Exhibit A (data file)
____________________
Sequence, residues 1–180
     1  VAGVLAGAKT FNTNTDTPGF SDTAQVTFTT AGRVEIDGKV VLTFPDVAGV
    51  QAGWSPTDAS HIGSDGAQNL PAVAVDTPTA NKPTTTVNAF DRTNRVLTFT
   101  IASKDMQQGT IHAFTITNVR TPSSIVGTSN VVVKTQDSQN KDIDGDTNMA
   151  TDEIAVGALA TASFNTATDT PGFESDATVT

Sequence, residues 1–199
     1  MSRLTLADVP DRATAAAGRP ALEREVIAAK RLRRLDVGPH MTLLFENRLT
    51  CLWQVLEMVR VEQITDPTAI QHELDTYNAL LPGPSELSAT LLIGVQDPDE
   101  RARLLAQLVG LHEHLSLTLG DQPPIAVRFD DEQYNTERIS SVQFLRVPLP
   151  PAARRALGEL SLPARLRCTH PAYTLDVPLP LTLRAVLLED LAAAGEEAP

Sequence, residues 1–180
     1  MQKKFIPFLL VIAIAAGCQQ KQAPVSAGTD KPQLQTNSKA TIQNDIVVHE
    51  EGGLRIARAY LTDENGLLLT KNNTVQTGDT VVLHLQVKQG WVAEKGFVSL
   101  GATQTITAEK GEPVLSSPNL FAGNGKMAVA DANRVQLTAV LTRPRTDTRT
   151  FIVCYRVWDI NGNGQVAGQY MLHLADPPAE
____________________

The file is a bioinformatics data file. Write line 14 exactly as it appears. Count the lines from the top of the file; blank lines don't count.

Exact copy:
   101  GATQTITAEK GEPVLSSPNL FAGNGKMAVA DANRVQLTAV LTRPRTDTRT